There are glimmers of hope. Mexico’s government recently provided Citizen-Led Forensics with DNA kits and some investigative help in Mexico’s southern state of Guerrero, in which at least 20 mass graves have been found since last September, when people began looking for 43 vanished student teachers from Ayotzinapa.
At the same time, an influx of women and families asking for asylum in the United States in the past year has brought international scrutiny to the violence and inequality that plagues parts of Mexico and Central and South America.
In the state of Baja California, prosecutors brought their first femicide case against a man accused of strangling his girlfriend, setting the stage for legal precedents that may reverberate all along the border, and beyond.
Ms. Ortiz Rivera, the schoolteacher turned activist, said that despite the threats and fear she lives with on a daily basis, she intends to keep pressure on the Mexican government and the international community.
“The corruption that exists … in the murders and disappearances, it’s all met with impunity because the corruption among authorities is so entrenched that any real investigation would bring down this entire, profitable network,” she said.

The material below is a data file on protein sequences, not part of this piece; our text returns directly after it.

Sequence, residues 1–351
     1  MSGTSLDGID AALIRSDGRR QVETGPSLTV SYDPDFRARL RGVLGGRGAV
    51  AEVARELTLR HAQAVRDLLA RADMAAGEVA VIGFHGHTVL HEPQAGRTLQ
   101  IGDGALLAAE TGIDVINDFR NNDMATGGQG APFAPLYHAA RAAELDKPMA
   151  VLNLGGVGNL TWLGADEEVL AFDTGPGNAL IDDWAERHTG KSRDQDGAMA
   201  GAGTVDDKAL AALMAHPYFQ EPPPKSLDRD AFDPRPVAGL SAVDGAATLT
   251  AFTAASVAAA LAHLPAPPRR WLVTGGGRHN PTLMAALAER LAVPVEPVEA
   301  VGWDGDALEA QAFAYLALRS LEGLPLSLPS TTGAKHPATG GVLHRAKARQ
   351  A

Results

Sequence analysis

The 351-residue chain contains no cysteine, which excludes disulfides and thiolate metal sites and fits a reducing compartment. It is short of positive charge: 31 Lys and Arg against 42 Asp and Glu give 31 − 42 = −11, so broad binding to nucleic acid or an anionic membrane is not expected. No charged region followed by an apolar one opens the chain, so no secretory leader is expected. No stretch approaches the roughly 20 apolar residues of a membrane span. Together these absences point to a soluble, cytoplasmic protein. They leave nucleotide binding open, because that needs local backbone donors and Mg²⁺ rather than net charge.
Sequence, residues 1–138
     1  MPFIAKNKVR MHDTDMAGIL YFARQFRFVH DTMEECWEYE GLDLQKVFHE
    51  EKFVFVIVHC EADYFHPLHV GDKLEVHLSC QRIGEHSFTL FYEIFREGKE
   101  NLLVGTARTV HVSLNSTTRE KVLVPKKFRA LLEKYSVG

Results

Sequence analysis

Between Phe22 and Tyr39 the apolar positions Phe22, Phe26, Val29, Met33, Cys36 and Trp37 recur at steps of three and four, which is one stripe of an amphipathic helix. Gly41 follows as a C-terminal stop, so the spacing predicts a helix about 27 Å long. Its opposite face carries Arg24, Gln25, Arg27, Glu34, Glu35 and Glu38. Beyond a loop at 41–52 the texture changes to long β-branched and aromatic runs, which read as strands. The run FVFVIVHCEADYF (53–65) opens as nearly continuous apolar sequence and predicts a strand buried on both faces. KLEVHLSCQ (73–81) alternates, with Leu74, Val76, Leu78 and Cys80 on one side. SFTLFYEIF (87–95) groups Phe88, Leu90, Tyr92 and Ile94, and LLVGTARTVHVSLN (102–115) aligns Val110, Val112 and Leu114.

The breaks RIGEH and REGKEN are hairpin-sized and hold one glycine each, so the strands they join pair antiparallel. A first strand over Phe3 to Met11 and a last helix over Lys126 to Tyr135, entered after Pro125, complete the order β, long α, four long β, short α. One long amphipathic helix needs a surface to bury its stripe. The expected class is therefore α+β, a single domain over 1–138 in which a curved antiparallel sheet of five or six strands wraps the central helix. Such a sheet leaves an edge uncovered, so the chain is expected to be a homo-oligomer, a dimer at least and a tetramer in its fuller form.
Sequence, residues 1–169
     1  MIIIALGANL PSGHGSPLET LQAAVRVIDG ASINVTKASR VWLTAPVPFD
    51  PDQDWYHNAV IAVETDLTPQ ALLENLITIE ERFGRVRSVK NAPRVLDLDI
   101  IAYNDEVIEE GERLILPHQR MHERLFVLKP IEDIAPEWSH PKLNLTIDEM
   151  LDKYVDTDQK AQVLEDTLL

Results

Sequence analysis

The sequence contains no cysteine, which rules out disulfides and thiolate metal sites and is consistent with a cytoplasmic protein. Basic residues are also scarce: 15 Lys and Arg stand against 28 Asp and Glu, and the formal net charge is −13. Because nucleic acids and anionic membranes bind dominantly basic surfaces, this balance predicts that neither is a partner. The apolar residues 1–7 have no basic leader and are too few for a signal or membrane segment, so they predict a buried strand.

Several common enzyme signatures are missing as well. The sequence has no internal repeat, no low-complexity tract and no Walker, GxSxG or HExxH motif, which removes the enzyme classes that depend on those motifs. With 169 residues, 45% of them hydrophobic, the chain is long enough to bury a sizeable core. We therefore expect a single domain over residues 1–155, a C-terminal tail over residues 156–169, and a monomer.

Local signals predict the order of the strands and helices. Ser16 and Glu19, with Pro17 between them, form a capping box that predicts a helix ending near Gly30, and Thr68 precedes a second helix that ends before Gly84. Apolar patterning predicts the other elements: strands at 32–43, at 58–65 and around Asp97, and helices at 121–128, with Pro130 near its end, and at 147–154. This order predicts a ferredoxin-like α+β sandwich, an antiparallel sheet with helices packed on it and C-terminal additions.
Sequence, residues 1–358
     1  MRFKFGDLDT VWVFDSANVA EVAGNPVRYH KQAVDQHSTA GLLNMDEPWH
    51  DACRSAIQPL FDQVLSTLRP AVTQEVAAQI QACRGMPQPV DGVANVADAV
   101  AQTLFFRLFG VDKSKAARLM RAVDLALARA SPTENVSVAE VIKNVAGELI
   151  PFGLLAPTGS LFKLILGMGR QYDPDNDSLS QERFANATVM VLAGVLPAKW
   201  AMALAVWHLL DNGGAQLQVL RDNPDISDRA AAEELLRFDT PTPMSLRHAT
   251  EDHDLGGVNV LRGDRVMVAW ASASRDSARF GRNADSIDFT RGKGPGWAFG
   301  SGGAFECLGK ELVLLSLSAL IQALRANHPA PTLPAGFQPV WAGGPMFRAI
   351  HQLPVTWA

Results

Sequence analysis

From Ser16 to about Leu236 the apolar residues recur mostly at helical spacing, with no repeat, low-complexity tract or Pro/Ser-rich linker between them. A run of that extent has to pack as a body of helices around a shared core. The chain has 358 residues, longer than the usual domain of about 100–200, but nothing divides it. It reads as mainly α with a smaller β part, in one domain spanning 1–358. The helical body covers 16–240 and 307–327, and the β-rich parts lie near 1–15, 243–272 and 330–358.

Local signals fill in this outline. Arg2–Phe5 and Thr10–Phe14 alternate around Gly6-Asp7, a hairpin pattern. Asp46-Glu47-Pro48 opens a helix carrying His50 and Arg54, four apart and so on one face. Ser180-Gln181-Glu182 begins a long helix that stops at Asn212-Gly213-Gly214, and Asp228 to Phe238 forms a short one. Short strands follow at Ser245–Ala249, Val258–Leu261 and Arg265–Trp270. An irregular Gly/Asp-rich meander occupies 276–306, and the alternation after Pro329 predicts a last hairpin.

Group helps identify human remains along U.S., Mexico border, notify families
Robin Reineke works out of Arizona to help find and identify remains of migrants who die crossing into the United States.
Ms. Reineke, a doctoral candidate in anthropology, co-founded the Tucson-based Colibri Center for Human Rights, a non-profit organization that does similar work to that of Citizen-Led Forensics, only in the U.S. She says while it’s rare for them to find migrants who have been murdered – usually they die from hunger, thirst or exposure to the elements – the people they find are victims of a deeper, more subtle violence.
“Basically, if you look at the quotas, there isn’t a legal way [into the United States],” said Ms. Reineke. “The service entrance to America is through the desert, and what U.S. federal policymakers did in the nineties was made that crossing deadly.”
In the 1990s, the U.S. Border Patrol began tightening security around checkpoints in Texas and California. Operation Hold The Line and Operation Gatekeeper added more fencing and surveillance to the busiest known regions for undocumented entry. By 1997, Congress had effectively doubled both the Immigration and Naturalization Service’s budget and number of Border Patrol agents.
The result of the additional staffing and fences pushed hopeful migrants deeper into the hot deserts of the borderlands, dramatically increasing the number of deaths due to exposure there.
“It’s mind-boggling to me how acceptable this appears to be to the American public,” said Ms. Reineke.
According to U.S. government statistics, there have been more than 6,330 migrant deaths while crossing into the country since 1998. However, many more people remain unaccounted for. Many families of the missing already living in the United States are reluctant to draw attention to themselves by asking the government for help, as they fear deportation. Reineke’s group not only works to identify human remains in the desert, but to track down and notify their families, as well.